Doctors are misinformed about which women can receive one type of birth control, a new study suggests.
Researchers surveyed health care providers at family planning clinics in Colorado and Iowa, finding that only about half of the providers said they considered Paraguard and Mirena, types of intrauterine devices (IUDs), safe and reliable for preventing pregnancy in women who had just had babies.
In addition, about 30 percent of respondents said these IUDs were not safe for women who had just had abortions.
These views conflict with new recommendations from the American College of Obstetrics and Gynecology, which said last year that almost all women, including those who have recently had a baby or abortion, can safely receive IUDs.
Moreover, health care providers at family planning clinics are likely more informed about IUD use than the average doctor. Therefore, the misconceptions among doctors in general could be even more widespread, said study researcher Claire Brindis, a director of the Bixby Center for Global Reproductive Health at the University of California, San Francisco.
For patients, the message is: know the facts about IUDs, Brindis said. Women should discuss their level of comfort with inserting IUDs with their doctors, and those women who want this kind of birth control should find a doctor who is willing to perform the procedure.
For many women, IUDs may be more effective at preventing pregnancy than are birth control pills. A study published in May in the New England Journal of Medicine found that women who used birth control pills, skin patches or vaginal rings were 20 times more likely to get pregnant over a three-year period than women who used IUDs or implants.
The devices do carry risks, however; women who currently have pelvic infections or get them frequently should not use the devices. ParaGard, which is a copper, hormone-free device, has been associated with heavy bleeding, severe cramping and vaginal inflammation. Mirena, which releases small amounts of a synthetic progestin hormone, may be associated with hormonal side effects, such as acne, weight gain or mood changes. Neither device protects against sexually transmitted infections.
But some doctors may have concerns that an IUD could tear the uterus of a woman who has just had a baby or an abortion; the latest science does not support these worries, however, Brindis said. Changes since the devices first appeared may contribute to the misunderstanding, she said. Doctors who received their medical training many years ago may be less informed about today's IUDs, or may associate IUDs with the stigma attached to the devices in the 1970s, when one IUD called the Dalkon Shield was linked with bacterial infections of the uterus, Brindis said.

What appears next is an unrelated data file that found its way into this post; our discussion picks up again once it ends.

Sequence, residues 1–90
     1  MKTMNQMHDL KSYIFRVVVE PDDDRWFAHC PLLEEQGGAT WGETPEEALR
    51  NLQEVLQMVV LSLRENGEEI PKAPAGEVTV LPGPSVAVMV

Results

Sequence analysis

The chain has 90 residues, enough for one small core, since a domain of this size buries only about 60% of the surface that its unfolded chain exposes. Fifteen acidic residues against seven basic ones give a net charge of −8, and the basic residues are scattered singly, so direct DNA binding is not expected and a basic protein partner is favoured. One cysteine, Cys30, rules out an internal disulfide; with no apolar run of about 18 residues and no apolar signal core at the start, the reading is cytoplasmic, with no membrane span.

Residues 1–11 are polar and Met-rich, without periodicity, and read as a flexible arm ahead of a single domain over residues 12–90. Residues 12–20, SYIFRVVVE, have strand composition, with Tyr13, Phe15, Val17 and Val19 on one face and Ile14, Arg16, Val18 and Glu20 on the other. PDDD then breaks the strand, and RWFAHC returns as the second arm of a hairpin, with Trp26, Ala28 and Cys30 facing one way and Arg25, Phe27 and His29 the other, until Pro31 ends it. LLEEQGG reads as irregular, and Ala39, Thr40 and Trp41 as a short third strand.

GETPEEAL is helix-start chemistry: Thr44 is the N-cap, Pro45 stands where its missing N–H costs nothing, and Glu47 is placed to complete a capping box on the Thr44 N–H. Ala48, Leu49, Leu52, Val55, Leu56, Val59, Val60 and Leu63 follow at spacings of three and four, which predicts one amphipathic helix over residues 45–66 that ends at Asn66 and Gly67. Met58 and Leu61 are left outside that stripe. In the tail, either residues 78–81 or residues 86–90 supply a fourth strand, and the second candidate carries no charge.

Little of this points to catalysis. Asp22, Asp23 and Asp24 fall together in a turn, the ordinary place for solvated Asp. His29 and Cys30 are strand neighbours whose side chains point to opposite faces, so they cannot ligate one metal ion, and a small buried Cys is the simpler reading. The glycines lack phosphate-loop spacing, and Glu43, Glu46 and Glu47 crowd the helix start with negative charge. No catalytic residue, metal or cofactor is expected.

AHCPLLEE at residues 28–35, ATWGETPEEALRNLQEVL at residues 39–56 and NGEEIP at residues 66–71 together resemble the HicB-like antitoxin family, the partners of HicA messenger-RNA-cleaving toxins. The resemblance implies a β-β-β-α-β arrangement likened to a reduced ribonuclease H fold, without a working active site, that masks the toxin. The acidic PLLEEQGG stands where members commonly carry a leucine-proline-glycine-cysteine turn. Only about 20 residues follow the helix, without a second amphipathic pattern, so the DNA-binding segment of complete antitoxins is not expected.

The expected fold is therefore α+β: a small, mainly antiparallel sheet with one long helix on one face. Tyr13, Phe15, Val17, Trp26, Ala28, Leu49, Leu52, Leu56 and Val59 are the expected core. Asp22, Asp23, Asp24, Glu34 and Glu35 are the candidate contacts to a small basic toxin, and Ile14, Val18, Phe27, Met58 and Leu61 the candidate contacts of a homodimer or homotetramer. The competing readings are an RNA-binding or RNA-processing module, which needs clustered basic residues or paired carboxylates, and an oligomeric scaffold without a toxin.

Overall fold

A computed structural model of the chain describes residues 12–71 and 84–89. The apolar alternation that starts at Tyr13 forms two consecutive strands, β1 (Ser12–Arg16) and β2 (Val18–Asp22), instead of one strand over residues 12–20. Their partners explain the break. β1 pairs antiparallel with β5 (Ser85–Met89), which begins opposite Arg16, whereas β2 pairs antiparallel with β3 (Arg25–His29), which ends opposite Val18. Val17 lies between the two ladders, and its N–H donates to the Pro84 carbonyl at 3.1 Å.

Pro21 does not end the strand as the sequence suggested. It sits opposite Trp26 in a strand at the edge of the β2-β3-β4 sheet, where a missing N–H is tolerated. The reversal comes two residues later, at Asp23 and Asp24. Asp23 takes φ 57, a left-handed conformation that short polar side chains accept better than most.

In the new study, Brindis and colleagues analyzed information from 273 doctors, physician's assistants, nurse practitioners, certified nurse midwives and registered nurses. Participants filled out surveys in 2010 and 2012. During that period, family planning agencies had pushed to increase education about IUDs among health care providers in Iowa and Colorado, where they survey occurred.
That education has helped somewhat — the percentage of doctors who said IUDs were safe and reliable for postpartum women increased from 37 percent to 50 percent over the two-year period. But there is still a lot of room for improvement, Brindis said.
"We still have a long way to go to have a wide acceptance," Brindis said. IUDs are often considered a "last resort" for birth control, but there is no need to view them this way, she said.
For a woman with insurance, an IUD costs about $500 — more expensive than a single payment for birth control pills. But over the long-term, an IUD that lasts five or 10 years can cost less than many months of pill prescriptions, Brindis said.
The study was presented this week at the American Public Health Association meeting in San Francisco. It was conducted in collaboration with Ashley Philliber and colleagues at Philliber Research Associates, an independent research and evaluation firm in Accord, N.Y.
Pass it on: Almost all women are eligible for IUDs.
Live Science newsletter
Stay up to date on the latest science news by signing up for our Essentials newsletter.
Rachael is a Live Science contributor, and was a former channel editor and senior writer for Live Science between 2010 and 2022. She has a master's degree in journalism from New York University's Science, Health and Environmental Reporting Program. She also holds a B.S. in molecular biology and an M.S. in biology from the University of California, San Diego. Her work has appeared in Scienceline, The Washington Post and Scientific American.